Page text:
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Monday, February 20, 2012

Government House grins and bears testing FOI applications

A rare visit to the Governor General's website to locate the Bonsey report led me to this response a year ago, posted in the Disclosure Log sometime after May, to two FOI requests from Samantha Maiden (pdf) of The Australian. What is of interest is the broad ranging nature of the applications, and that they appear to have been processed without demur, free of charge, and "in the spirit of goodwill and transparency where no documents exist," some information provided above and beyond what is required by the act. (How else would we know that the average price of a bottle of wine served at Yarralumla is $11.64? Pity they didn't volunteer where the rest of us might find a more than passable drop at this, or an even cheaper price).

I have no idea whether Maiden as a journalist received special treatment or if your average FOI punter would get this sort of response to applications for documents for the last three years concerning 16 different topics, with sub-headings in most cases to spell out the detail. I would have advised against lodging all encompassing applications of this kind-shows what I know! Maiden clearly is not one of those smarties said to be artificially breaking requests into small parcels in order to gain multiple shots at five free hours of decision making time that some agencies are concerned about.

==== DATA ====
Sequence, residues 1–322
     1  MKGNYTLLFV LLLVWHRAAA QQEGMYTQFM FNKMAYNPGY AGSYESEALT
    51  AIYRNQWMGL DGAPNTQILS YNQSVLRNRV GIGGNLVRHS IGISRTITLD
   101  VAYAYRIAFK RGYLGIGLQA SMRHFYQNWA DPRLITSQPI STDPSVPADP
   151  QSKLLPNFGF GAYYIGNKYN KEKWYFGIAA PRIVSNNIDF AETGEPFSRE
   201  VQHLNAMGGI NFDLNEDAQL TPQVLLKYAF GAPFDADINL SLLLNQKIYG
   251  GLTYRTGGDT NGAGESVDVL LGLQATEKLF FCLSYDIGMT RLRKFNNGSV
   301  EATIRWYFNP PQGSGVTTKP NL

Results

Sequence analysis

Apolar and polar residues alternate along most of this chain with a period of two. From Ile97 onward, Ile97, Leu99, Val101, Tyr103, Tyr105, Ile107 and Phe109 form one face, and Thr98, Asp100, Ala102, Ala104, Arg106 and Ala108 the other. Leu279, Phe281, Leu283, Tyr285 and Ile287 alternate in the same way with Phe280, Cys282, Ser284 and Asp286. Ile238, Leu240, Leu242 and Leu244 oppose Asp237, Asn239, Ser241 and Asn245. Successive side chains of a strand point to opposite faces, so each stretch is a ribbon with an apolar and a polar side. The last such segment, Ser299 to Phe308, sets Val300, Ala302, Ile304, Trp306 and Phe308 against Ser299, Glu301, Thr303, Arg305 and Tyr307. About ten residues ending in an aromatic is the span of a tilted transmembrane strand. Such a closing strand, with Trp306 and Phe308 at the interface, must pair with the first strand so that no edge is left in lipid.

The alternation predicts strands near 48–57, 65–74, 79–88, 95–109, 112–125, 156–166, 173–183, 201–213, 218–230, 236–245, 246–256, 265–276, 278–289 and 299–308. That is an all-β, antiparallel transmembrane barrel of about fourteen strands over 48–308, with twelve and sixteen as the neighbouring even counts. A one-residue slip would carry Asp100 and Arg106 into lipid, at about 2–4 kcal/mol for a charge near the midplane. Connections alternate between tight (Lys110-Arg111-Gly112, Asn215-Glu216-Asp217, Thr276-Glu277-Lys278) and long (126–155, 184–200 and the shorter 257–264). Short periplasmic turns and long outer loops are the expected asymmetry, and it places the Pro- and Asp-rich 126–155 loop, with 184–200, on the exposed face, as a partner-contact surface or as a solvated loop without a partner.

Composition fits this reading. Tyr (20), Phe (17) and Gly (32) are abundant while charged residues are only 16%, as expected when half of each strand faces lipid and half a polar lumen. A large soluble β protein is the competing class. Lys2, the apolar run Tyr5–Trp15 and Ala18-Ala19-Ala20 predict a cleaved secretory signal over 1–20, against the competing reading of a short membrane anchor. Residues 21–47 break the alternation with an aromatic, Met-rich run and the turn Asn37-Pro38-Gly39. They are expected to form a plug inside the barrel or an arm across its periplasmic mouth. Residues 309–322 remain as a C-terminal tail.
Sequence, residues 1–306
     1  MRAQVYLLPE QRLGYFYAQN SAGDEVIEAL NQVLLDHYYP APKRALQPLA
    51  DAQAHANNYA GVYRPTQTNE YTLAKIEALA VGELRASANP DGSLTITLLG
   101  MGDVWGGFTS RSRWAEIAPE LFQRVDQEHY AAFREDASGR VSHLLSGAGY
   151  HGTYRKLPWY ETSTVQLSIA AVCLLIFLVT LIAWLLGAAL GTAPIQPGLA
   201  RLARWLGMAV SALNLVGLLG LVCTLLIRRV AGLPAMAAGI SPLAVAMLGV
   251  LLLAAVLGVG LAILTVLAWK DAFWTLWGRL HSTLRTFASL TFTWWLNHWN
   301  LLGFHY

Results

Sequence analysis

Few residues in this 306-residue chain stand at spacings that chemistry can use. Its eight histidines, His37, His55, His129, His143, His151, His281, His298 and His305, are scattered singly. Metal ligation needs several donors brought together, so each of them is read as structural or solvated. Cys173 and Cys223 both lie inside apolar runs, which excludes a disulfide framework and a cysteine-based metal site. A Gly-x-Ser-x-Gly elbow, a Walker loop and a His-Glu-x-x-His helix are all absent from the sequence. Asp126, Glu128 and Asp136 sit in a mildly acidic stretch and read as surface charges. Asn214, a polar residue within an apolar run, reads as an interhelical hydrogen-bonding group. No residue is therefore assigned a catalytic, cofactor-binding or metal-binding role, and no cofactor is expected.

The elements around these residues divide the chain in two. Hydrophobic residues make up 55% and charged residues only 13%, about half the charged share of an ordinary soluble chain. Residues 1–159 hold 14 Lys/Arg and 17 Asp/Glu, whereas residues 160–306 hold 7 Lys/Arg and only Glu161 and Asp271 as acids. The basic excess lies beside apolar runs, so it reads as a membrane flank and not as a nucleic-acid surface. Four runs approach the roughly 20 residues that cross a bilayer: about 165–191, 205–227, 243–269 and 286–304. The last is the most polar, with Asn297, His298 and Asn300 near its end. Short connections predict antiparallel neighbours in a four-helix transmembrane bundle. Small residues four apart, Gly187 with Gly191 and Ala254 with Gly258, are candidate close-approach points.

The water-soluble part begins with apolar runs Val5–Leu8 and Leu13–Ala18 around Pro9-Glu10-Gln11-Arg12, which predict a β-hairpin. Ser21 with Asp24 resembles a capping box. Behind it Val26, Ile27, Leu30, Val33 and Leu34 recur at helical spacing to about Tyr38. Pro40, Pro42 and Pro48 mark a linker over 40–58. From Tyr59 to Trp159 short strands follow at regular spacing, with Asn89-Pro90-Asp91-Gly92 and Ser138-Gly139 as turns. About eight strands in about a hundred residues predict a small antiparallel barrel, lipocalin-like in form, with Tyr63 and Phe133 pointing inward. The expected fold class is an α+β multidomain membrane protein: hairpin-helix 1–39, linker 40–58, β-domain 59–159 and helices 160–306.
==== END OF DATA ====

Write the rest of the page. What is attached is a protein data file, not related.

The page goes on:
Some of the information sought was already in the public domain, or wasn't held, because for example the Governor General pays for her own clothes, hair and make up, and there are no separate records of dry-cleaning bills. Or was not matter of an administrative nature, and outside the scope of the act as it applies to the office, such as correspondence with Julia Gillard, Kevin Rudd and the Queen.

Government House only raised the issue of substantial and unreasonable resources when declining to produce original invoices but nevertheless extracted global information from records and provided it. Others might have been tempted to use these applications to test the limits of the diversion of resources provision.

The notice of determination may have FOI purists tut tutting over technical aspects of the response, but as the AAT readies for argument about the scope of s 6A and what constitutes a document that relates to matters of an administrative nature, Mr Fraser who signed off and others at Government House who were involved exhibited persistence, endurance, and patience akin to that of a saint quentin. And forbearance afterwards when a fair bit of the information gathered and released didn't make it into what appears to be the only story Maiden wrote subsequently. Which focused on travel, flowers - and the wine bill.

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